Sustainable development

The article ‘Towards an Educated India’ (Knowledge, October 8) emphasising that education is vital for sustainable development is timely. The UN agencies have done well to initiate steps to develop sustainable practices in higher education and to help build more sustainable societies. ‘The Higher Education Sustainability Initiative (HESI)’ that has been signed by academic institutions around the world is an important declaration that aims to promote the principles of Sustainability in Higher Education by committing institutions to teaching of and research in SD, greening our campuses, supporting all SD efforts and, more importantly, engaging with stake-holders and sharing the results through international framework. Only three institutions in India have signed this HESI and the involvement of a lot more will be needed to produce workforces capable of taking the SD concept ahead.


Humour in the classroom

Priti Botadkar’s article ‘Laughing Matters’ (Knowledge, October 8), dealing with an important ingredient of teaching, namely, a bit of humour, is interesting. Anyone who has had a long stint of teaching would wholeheartedly agree with Shreya Bansal when she says that classroom teaching would be boring without a bit of wit interspersed judiciously through the lecture. Serious topics can still be handled in an entertaining manner with some jokes thrown in just to shake them off the dreariness of the topic.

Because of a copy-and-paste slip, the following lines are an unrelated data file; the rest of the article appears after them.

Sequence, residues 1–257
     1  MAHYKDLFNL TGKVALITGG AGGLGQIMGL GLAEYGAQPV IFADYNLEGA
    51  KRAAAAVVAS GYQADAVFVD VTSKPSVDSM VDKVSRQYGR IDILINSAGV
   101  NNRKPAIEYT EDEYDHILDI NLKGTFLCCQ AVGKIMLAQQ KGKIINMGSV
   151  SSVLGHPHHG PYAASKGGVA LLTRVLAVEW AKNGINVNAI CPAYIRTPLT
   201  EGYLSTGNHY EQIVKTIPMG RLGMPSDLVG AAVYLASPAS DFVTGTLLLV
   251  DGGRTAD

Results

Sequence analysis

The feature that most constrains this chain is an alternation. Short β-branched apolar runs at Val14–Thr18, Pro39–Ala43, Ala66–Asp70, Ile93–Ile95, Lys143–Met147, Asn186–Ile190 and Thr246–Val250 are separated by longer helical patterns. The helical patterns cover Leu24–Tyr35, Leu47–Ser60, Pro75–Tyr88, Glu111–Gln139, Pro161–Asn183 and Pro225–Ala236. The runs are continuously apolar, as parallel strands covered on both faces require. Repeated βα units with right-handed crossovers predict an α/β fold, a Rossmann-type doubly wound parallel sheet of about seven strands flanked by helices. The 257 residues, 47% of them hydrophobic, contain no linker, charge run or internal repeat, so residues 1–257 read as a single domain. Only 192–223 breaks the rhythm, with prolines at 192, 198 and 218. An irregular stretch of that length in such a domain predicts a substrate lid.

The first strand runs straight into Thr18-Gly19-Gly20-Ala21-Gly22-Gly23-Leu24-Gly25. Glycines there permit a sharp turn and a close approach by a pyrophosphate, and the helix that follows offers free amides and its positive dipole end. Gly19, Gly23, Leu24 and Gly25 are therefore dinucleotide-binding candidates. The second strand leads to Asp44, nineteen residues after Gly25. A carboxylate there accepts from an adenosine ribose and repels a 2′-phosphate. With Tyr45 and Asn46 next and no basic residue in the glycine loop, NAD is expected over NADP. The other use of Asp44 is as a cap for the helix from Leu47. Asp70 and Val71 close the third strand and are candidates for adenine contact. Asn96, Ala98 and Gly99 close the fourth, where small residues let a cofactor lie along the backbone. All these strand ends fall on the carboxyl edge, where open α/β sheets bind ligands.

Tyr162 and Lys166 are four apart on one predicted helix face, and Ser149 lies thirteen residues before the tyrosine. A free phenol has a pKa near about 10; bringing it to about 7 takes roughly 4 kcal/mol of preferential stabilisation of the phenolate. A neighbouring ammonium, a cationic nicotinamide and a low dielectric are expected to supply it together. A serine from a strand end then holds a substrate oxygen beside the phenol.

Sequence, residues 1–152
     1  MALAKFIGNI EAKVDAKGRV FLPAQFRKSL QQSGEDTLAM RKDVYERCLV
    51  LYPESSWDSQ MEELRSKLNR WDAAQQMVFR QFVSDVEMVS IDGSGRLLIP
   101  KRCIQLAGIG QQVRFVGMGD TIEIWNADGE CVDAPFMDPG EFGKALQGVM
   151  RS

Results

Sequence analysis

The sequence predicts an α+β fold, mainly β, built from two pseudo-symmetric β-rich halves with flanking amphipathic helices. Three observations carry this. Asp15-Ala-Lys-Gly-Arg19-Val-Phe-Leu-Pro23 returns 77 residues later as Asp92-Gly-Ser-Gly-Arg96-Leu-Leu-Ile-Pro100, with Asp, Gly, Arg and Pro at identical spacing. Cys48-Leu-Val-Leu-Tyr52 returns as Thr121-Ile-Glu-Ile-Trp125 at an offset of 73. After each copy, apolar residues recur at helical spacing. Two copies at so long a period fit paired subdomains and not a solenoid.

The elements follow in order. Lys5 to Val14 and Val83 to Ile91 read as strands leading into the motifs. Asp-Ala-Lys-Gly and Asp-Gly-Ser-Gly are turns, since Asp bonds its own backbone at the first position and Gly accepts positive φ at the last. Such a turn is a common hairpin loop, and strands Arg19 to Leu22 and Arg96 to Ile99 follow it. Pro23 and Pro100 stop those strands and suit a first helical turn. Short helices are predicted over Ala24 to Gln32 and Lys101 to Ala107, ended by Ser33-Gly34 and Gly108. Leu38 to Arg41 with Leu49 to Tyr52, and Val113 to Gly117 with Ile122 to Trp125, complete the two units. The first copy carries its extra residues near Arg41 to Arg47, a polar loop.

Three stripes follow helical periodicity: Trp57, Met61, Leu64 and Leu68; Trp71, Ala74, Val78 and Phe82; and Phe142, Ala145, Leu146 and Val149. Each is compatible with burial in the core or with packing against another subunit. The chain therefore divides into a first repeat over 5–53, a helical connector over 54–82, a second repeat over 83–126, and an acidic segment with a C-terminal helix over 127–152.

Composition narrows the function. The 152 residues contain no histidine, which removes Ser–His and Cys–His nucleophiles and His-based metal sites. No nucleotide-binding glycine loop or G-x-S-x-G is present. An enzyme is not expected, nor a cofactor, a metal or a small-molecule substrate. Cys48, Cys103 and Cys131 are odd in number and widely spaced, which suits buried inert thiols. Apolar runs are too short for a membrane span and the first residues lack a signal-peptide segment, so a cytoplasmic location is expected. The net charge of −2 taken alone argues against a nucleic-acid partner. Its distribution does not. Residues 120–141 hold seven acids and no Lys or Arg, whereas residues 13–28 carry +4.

Jokes act like spices on a bland food and humour does help foster a healthy student-teacher relationship, very necessary to make them feel one with the teacher. As mentioned in the article, when facing a new batch of students, a well-placed joke certainly sets the tone for the rest of the term and the teacher gets catapulted to ‘cloud 9’ when the whole class erupts into a laughter. That was what happened when a class of new PG students, predominantly from Kolkata, were told about the Victorian tram-cars still going strong in their city’s Dharamtalla lane, while talking about the old topographical maps which still hold their own when more sophisticated satellite pictures are available now.  They became so attached that at the end of the semester, they gave a ‘Thank You’ card signed by all of them!

One does not need to be, however, too friendly, allowing them to call the teacher by the first name or try to laboriously act funny because not all students look at their teachers the same way and there are a few who may not vibe with the teachers well even with the best of efforts.  But, by and large, the world of students is a great place to be in and we from the south provide a treasure-house of jokes what with our dhoti tied at ‘half-mast’, coffee cooled horizontally by the servers in hotels between the tumblers and of course our idlis and sambhar which have become global brands now.  We often have a dig at ourselves using these in the classrooms.


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